Ruling Stands: Defendant Must Decrypt Laptop

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A federal appeals court is rejecting an appeal from a bank-fraud defendant who has been ordered to decrypt her laptop so its contents can be used in her criminal case.

Colorado federal authorities seized the encrypted Toshiba laptop from defendant Ramona Fricosu in 2010 with valid court warrants while investigating alleged mortgage fraud, and demanded she decrypt it by typing in her password. In January, U.S. District Judge Robert Blackburn ordered the woman, who faces decades in prison if convicted, to decrypt the laptop by the end of February.

Her attorney appealed, hoping to win a reprieve based on the assertion that being forced to decrypt her laptop amounts to a breach of the woman’s Fifth Amendment right against compelled self-incrimination.

The 10th U.S. Circuit Court of Appeals, however, sided with the government’s contention that an appeal was not ripe — that she must be convicted or acquitted before the circuit court would entertain an appeal. Appellate courts usually frown on hearing appeals until after there’s been a verdict.

The appellate court wrote (.pdf) Wednesday that it lacks “jurisdiction to consider the resulting proceeding under any exception to our usual finality rules.”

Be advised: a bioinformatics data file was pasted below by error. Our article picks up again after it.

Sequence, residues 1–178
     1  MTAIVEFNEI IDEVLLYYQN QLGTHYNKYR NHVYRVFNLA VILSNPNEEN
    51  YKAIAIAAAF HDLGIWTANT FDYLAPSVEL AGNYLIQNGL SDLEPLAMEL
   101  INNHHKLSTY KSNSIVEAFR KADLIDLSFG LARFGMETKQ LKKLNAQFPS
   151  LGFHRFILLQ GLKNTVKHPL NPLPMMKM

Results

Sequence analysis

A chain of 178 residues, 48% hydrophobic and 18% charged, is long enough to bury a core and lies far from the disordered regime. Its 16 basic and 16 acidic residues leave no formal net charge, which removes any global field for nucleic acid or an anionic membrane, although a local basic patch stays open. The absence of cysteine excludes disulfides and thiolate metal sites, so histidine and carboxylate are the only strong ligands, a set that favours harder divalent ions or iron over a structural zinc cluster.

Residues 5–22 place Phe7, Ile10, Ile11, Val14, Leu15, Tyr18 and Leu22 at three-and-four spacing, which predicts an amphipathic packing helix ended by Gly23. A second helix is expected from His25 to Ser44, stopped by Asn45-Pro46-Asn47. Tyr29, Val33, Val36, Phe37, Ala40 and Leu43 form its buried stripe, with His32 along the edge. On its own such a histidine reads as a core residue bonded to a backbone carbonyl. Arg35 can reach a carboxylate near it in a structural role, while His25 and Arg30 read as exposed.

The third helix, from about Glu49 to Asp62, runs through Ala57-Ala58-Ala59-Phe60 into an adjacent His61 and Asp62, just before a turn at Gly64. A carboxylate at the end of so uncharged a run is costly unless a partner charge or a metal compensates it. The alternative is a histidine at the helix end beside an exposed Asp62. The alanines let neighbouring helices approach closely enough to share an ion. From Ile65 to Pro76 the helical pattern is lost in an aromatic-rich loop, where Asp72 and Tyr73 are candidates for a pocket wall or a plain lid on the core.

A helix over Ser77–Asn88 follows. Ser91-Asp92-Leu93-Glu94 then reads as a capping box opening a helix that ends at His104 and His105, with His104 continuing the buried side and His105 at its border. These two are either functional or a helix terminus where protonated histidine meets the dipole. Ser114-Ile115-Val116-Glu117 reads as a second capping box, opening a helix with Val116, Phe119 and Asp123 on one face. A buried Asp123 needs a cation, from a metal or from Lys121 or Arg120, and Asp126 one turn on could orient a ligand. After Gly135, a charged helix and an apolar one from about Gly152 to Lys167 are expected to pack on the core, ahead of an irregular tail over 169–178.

Meanwhile, decryption orders are rare, and they have never been squarely addressed by the Supreme Court.

One case involved a child pornography prosecution that ended with a Vermont federal judge ordering the defendant to decrypt the hard drive of his laptop.

While that case never reached the Supreme Court, it differed from the Fricosu matter because U.S. border agents already knew there was child porn on the computer because they saw it while the computer was running during a 2006 routine stop along the Canadian border. The authorities’ belief that Fricosu’s hard drive might contain evidence against her was the result of a recorded jailhouse conversation between her and a co-defendant.

The ruling doesn’t, however, settle the issue. For instance, now the case faces the question of what might happen if the woman does not comply with the judge’s order. Her attorney, Philip Dubois, suggested in a recent interview that his client might have forgotten the password.

If she does not decrypt the drive by month’s end, as ordered, she could be held in contempt and jailed until she complies. If the case gets to that point, Judge Blackburn would have to make a judgment call and determine whether the woman had forgotten the code or was refusing to comply.

Prosecutors said they are unable to unlock the drive, and fear tampering with it could damage its contents. Attempting to break into an encrypted drive by brute force — using computers to repeatedly guess at a password, would likely take decades or even centuries, depending on the strength of the encryption algorithm and the length of the passphrase.